1919, Dorothy Parker

Mrs. Parker and the Vicious Circle (1994)

“The cure to boredom is curiosity. There is no cure for curiosity.”

Mrs. Parker and the Vicious Circle (1994)

The ethnic motifs popular during the ’20s are used on Dottie’s clothes, emphasizing her bohemian attitude and lifestyle.

Mrs. Parker and the Vicious Circle (1994)
Mrs. Parker and the Vicious Circle (1994)

“That would be a good thing for them to cut on my tombstone: Wherever she went, including here, it was against her better judgment.”

Mrs. Parker and the Vicious Circle (1994)

“There was nothing separate about her days. Like drops on the window-pane, they ran together and trickled away.”

Mrs. Parker and the Vicious Circle (1994)

Benchley’s stuffy, long-suffering wife still gets a smart dress and matching hat.

Mrs. Parker and the Vicious Circle (1994)

Cindy Lauper fills out the crowd at a summer party.

Mrs. Parker and the Vicious Circle (1994)

So many gorgeously trimmed hats!

Mrs. Parker and the Vicious Circle (1994)

“Travel, trouble, music, art, a kiss, a frock, a rhyme — I never said they feed my heart, but still they pass my time.”

Mrs. Parker and the Vicious Circle (1994)

At a summer party, Mrs. Parker is forced to recite a poem, like singing for her supper. She chooses “Résumé.”

Razors pain you,
Rivers are damp,
Acids stain you,
And drugs cause cramp.

Guns aren’t lawful,
Nooses give,
Gas smells awful.
You might as well live.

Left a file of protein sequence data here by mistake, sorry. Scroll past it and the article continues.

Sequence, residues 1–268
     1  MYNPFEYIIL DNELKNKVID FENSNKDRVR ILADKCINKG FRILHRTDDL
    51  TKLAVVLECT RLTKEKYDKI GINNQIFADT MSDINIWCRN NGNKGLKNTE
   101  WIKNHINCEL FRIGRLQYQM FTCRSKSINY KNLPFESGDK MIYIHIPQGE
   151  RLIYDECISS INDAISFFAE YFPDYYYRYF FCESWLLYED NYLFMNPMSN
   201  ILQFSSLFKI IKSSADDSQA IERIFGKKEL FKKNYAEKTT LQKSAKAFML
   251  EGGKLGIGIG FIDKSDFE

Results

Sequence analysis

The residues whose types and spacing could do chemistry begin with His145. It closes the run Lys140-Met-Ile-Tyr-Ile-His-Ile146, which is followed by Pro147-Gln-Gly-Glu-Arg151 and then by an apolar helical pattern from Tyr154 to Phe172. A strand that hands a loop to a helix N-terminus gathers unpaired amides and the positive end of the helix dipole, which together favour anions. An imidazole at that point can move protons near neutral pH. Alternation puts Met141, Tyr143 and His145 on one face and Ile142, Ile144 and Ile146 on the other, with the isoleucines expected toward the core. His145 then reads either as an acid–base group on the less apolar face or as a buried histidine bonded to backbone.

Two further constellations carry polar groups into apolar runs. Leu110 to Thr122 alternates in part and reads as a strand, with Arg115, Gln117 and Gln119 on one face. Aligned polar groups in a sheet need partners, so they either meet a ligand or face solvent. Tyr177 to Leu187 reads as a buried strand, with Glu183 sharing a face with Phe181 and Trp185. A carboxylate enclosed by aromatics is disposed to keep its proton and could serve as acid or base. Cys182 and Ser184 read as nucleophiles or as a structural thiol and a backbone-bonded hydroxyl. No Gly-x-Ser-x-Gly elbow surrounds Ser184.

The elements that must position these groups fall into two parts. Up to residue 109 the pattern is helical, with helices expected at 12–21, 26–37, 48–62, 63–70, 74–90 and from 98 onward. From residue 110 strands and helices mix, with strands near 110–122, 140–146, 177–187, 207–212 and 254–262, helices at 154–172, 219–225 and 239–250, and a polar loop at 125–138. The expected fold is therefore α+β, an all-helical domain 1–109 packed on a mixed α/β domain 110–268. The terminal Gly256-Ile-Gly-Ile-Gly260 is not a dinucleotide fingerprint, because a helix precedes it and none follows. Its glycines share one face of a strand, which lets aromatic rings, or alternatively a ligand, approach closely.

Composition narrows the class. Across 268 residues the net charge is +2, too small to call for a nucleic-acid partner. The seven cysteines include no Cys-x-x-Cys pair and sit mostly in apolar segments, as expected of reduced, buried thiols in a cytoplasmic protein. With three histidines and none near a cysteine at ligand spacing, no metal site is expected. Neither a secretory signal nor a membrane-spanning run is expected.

Have you seen Mrs. Parker and the Vicious Circle? Are you a Dorothy Parker fan?

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About the author

Trystan L. Bass

Twitter Website

A self-described ElderGoth, Trystan has been haunting the internet since the early 1990s. Always passionate about costume, from everyday office wear to outrageous twisted historical creations, she has maintained some of the earliest online costuming-focused resources on the web. When she’s not dressing up in costumes, she can be found traveling the world with her sweetie and, occasionally, Kendra and Sarah. Her costuming and travel adventures are chronicled on her website, TrystanCraft. She also maintains a popular fashion blog, This Is CorpGoth, dedicated to her “office drag.”

8 Responses

  1. Frannie Germeshausen

    OMG, I need to see this. I have a dress similar to the one she’s wearing when sitting for the portrait. Everything looks so right.

    Reply
      • John Hintergardt

        Renee April is very prolific costume designer and has won 3 Genie Awards (Canada’s Oscar) and John Hay has pretty much retired. April recently designed Blade Runner 2049.

        Reply
          • johnny

            Here are some more of Renee April’s films you have to check out; Black Robe (1600’s), The Red Violin (1700’s, 1960’s), Grey Owl (1930’s), Million Dollar Babies (1930’s), the Bay Boy (1940’s), The Moderns (1920’s), and The Kiss.

            Reply
  2. Kat from CA via NJ

    Ooh I love this movie but it was so underrated around the time it came out. My parents watched it with me because of my mom’s deep and abiding love for Dorothy Parker, and of course as a depressed teen I recited Resumé to weird-out my classmates. Love Jennifer Jason Leigh’s performance in this, too, and the very rare focus on a platonic male-female friendship, even though the story is super bittersweet.

    Reply